For military firing times, visit: gov.uk/government/publications/dartmoor-firing-programme.
After a long day exploring wild moors yesterday, the second stage of this expedition is a little easier to navigate and slightly shorter. However, the terrain is still fairly challenging, so hopefully Shovel Down afforded a peaceful night.
From Shovel Down, follow the footpath south into the fairytale setting of Fernworthy Forest. Home to lots of wildlife, the forest is especially good for bird-spotting.
In a clearing in the trees you come to the second stone circle on this two-day hike, Fernworthy Stone Circle. Dating from the Bronze Age, the stones have a truly magical atmosphere and it is a lovely spot to be.
Continue east along the forest track towards Fernworthy Reservoir and loop around its northern and eastern banks. The lake provides important habitats for many rare species of wildlife including marsh fritillary butterfly and the bee hawk moth. You can also see birds such as snipe, heron and grebe all year round.
Follow the footpath around the edge of Fernworthy Forest for almost three miles (five kilometers), then continue southwest towards East Dart River and rejoin the bridleway that you followed for the first part of the journey yesterday back to Postbrige.
If, after refueling and refreshing yourself in Postbridge, you feel like one more night under the stars, follow the road east out of the village then take the footpath up to Water Hill. This will add around three miles (five kilometers) to the route.
Alternatively, you can access Water Hill directly from Fernworthy Reservoir if you continue along Hurston Ridge. This will shave one-and-a-half hours from the second day.
This easy-going wild camping route explores some of Dartmoor’s most iconic sights and takes you to one of the most unusual rocky outcrops in the national park, Bowerman’s Nose.
As both stages of this two-day expedition can be hiked in around three hours, you will have plenty of time to enjoy the tors, views and wildlife this route affords—even if you are hardy enough to attempt it out of high summer.
From the car park head west to Saddle Tor, which boasts splendid views over its famous nearby neighbor, Haytor Rocks, and the surrounding moorland.
Head north from Saddle Tor and take a sharp left after Holwell Tor, over the babbling Becka Brook, and gently ascend for a quick succession of three spectacular sights.
Up first is the imposing mass of Greator Rocks. Whilst a scramble up to the top is a little challenging, it rewards those who do with amazing views over Haytor and Hound Tor.
A stone’s-throw later, you found yourself at Houndtor Medieval Village; a mystical place whee you can truly step back in time. These intriguing ruins comprise a cluster of 13th century stone longhouses on land that was originally farmed in the Bronze Age.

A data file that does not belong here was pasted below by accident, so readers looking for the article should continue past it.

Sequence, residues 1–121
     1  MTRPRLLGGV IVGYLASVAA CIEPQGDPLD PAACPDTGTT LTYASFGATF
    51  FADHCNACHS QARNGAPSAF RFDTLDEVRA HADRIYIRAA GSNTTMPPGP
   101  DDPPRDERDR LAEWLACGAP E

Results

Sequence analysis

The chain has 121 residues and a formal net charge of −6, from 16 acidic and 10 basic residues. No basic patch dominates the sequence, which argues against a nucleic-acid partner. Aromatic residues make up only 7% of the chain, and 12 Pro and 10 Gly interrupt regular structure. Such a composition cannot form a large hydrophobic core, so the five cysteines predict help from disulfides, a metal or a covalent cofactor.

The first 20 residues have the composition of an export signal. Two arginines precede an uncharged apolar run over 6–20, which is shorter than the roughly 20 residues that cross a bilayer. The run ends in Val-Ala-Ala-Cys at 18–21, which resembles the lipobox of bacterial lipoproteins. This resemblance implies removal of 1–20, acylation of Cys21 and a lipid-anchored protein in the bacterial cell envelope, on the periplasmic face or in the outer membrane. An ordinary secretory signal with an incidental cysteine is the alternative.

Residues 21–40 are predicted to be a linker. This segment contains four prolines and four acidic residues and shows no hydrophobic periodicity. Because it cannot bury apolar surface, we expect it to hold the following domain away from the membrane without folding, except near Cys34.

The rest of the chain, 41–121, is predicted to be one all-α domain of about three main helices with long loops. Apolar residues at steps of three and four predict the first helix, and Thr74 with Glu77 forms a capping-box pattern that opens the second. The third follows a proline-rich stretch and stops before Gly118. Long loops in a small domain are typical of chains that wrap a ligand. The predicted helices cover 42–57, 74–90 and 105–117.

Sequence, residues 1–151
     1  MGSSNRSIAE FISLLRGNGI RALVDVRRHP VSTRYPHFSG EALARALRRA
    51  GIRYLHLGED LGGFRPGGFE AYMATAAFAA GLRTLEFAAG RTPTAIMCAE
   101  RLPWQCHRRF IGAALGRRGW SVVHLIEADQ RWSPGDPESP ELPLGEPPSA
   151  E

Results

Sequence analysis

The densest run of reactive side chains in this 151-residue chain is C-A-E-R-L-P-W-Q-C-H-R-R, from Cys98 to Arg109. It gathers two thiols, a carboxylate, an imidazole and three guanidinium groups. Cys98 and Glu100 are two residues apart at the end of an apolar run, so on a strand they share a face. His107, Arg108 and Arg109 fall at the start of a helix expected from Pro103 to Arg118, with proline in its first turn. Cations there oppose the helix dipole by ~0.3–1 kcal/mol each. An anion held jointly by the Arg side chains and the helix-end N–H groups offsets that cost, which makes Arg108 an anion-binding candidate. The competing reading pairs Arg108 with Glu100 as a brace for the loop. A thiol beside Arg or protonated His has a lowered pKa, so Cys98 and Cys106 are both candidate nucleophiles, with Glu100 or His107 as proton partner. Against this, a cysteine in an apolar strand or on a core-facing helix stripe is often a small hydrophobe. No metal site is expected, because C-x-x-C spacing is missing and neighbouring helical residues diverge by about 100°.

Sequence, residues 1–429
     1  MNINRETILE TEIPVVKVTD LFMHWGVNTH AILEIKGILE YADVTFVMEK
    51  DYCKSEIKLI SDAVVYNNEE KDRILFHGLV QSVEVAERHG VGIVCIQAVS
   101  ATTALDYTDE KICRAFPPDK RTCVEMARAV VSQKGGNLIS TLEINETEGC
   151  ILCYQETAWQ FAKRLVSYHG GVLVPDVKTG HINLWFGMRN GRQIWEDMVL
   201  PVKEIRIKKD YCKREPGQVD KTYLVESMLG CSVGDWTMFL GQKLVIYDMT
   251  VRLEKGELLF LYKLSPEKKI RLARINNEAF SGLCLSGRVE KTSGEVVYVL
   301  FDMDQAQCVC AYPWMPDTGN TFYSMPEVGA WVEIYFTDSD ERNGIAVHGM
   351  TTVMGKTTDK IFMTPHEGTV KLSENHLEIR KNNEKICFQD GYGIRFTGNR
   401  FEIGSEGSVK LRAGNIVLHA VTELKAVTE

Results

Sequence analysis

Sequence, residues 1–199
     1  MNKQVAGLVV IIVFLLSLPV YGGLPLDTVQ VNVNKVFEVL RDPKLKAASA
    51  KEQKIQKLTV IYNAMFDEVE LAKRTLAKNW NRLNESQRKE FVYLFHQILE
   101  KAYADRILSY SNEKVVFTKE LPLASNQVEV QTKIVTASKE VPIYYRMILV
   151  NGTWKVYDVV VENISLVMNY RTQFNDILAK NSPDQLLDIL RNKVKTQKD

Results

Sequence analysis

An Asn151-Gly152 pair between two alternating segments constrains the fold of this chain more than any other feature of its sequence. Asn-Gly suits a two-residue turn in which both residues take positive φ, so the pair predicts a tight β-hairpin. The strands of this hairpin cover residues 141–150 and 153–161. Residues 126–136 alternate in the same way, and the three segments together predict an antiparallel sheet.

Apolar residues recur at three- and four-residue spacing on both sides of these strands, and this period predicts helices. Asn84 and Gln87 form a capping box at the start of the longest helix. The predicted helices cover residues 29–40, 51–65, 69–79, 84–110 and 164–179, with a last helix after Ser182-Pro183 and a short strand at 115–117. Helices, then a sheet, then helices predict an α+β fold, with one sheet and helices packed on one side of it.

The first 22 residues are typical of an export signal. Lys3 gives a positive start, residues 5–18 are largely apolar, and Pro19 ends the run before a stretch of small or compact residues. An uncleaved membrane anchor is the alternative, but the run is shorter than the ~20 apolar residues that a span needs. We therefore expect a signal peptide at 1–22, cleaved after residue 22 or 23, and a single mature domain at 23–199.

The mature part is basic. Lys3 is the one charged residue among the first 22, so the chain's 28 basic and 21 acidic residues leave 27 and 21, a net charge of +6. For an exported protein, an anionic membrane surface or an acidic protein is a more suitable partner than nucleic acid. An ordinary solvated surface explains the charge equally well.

Up next is Hound Tor, a breathtaking granite outcrop that affords magnificent views over Dartmoor and inspired Sherlock Holmes' most famous case, The Hound of the Baskervilles.
Head down to the road from Hound Tor and, at the fork, keep right and follow the country lane for around half a mile (one kilometer) and take the bridleway on the right.
Along this stretch of path you see one of the most peculiar and most-photographed granite tors on Dartmoor, Bowerman’s Nose. The distinctly human-looking rocky outcrop is associated with much folklore. You are afforded fantastic views from this point, too.
From Bowerman’s Nose, you continue north east through the village of Manaton, past Horsham Cleave and to Harton Tor, where you will stay for the night. This spot is right in the middle of a large wild camping area, so you have a fair bit of space to find the perfect place.
After a full day of gentle downhill walking yesterday, stage two is a little more challenging. However, there is plenty to see—and lots of time—so take it steady and enjoy the ride.
You begin by hiking north up to Hunter’s Tor, a vantage point that affords incredible views over the landscape. If you are up early enough, you should be able to catch the sunrise from this spot.
From Hunter’s Tor, continue north to Peck Farm and, when you reach the bridleway, double-back on yourself and follow it south. Continue through the hamlet of Foxworthy, past Horsham Cleave to the left until you reach Becky Falls.
Set amid beautiful woodland, Becky Falls cascades down the boulder-filled bed of Becka Brook and is home to lots of wildlife. There are facilities and refreshments available here, too.
From Becky Falls, follow the country lane for around half-a-mile (one kilometer) and take the footpath on your right, where you begin a steep ascent to the summit of Black Hill.
Living up to Dartmoor’s bleak reputation, there are a few Black Hills within the national park. This one bucks the trend, however, as it is set amidst a picturesque grass and woodland landscape. Those who climb to the summit with breathtaking panoramic views over the town of Bovey Tracey, Haytor and beyond.
If you fancy one more night under the stars, then Black Hill is a good option as it is close to the finish and comfortably within the permitted wild camping area.
From Black Hill continue south to finish at what is easily one of the most iconic sights on Dartmoor, Haytor Rocks. If you climb to the top, you can enjoy picture-perfect panoramic views across the moorland and, on a clear day, all the way to the coast. Depending on when you arrive it is a great vantage point for sunrise and sunset.